With short sessions, California lawmakers keep per diem flowing
State senators met for less than half an hour Friday and mostly for ceremonial duties, but that was enough to ensure that the lawmakers continue to get their $141.86 in per diem expenses through the long holiday weekend.
Lawmakers get tax-free per diem every day to cover their expenses while in Sacramento and away from home, but only if the Legislature is not out of session for more than three days in a row.
The Assembly and Senate normally hold their end-of-the-week session on Thursday. But with this coming Monday being a holiday for Presidents Day, both houses had to meet Friday or they would lose per diem checks, which total about $29,000 annually. That is in addition to their $95,291 salary.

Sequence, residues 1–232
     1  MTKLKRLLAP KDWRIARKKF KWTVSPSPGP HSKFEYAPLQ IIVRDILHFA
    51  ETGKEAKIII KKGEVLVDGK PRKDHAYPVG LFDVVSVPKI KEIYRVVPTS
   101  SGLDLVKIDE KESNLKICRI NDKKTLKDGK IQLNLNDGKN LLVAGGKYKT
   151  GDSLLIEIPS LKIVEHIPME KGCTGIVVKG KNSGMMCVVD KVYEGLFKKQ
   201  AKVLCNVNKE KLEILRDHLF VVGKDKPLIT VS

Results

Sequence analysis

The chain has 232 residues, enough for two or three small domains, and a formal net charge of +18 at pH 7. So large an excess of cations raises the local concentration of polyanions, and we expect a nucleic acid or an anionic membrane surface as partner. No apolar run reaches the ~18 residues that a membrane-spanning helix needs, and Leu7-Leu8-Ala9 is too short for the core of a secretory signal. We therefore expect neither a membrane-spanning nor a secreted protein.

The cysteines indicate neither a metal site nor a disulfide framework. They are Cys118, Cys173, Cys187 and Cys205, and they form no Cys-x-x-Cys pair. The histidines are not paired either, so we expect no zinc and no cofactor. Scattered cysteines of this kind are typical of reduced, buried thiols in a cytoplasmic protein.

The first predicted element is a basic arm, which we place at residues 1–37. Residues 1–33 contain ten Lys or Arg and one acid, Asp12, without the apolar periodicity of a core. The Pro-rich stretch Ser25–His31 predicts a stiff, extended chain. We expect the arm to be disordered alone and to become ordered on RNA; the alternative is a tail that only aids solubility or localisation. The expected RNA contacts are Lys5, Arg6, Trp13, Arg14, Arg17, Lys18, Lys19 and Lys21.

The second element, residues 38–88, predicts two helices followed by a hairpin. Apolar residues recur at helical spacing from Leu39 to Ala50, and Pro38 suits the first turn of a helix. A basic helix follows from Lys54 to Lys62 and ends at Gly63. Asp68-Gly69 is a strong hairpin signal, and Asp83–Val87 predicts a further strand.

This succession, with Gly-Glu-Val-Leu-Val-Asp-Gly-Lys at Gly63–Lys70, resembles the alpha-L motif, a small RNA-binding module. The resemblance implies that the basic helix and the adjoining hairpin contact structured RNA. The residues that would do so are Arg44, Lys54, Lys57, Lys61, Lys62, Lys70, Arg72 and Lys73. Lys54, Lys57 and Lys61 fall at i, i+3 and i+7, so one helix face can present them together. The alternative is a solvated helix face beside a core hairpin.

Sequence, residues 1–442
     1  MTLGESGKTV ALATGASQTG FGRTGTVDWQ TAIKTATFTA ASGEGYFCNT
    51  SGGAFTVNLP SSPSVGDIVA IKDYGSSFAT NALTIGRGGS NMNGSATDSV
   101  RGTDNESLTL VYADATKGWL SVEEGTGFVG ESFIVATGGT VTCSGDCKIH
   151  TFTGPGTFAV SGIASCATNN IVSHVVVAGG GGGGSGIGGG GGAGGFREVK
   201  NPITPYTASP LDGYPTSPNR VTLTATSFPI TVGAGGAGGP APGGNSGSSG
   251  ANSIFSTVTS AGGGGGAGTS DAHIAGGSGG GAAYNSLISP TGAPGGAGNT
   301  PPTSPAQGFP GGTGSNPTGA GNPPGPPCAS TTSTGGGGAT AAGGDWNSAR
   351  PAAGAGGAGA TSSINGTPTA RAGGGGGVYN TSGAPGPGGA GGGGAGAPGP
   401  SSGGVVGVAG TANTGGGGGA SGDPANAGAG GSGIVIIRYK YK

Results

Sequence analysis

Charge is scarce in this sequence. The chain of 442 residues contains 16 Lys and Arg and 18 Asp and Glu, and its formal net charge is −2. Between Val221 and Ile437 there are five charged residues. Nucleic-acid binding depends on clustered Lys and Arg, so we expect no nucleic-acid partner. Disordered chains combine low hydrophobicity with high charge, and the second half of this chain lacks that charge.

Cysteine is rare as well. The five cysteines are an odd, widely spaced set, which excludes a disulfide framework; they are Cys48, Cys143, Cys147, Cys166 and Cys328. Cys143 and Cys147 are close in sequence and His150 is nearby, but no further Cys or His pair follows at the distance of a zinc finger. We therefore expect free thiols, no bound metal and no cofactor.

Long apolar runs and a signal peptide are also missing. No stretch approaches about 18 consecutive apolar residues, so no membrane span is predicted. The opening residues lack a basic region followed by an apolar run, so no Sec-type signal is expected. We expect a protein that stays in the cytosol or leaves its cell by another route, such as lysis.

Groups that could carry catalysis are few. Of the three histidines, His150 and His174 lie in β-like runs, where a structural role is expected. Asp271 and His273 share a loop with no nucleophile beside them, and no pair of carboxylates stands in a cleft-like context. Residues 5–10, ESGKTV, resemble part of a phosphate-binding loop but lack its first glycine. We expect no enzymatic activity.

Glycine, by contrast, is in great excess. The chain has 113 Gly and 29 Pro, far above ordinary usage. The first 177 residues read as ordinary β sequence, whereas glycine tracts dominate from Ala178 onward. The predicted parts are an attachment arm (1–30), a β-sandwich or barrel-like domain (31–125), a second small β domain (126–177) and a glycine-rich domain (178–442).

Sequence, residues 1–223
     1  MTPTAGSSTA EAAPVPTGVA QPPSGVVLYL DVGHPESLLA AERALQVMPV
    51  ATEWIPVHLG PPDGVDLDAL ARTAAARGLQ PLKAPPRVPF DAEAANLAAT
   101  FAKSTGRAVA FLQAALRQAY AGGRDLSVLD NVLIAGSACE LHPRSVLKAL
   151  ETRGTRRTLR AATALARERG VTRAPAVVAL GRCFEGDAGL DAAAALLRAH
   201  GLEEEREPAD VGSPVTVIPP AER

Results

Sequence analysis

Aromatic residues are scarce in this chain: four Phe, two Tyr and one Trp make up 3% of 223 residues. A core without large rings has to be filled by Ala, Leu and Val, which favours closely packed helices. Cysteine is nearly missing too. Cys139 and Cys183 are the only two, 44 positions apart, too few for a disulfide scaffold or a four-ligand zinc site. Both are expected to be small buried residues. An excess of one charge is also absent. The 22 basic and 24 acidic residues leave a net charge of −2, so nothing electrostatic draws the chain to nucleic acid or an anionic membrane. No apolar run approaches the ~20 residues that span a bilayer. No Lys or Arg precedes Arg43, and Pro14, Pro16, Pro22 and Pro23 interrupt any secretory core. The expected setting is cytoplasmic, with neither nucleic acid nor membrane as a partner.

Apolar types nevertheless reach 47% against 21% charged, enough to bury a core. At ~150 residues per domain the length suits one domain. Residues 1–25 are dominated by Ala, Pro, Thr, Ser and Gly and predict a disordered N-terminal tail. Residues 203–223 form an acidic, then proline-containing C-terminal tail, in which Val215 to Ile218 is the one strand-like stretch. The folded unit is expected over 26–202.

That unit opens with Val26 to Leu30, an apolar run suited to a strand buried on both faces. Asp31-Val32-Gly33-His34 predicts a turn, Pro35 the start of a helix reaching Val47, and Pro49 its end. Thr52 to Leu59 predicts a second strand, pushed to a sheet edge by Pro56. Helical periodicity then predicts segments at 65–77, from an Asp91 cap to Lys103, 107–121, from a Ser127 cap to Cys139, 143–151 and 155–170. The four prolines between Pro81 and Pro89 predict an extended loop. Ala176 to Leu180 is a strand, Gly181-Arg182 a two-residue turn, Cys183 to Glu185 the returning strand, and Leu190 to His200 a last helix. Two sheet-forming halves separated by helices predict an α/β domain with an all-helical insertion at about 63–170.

The Assembly meeting Friday lasted about 50 minutes and was dominated by discussion of a resolution marking the anniversary of the internment of Japanese Americans after the outbreak of World War II.
Appearing Friday on Sacramento radio station KFBK, Assemblywoman Shannon Grove (R-Bakersfield) charged that the short meetings do not justify the pay lawmakers get.
She said such meetings argue in favor of her proposed initiative to make the Legislature a part-time body and cut its pay. "We work part time now, but we are paid full time," Grove said during the radio interview.
-- Patrick McGreevy, in Sacramento
Photo: Assembly Speaker John A. Pérez and Assembly GOP leader Connie Conway confer during an Assembly session last year. Credit: Rich Pedroncelli / Associated Press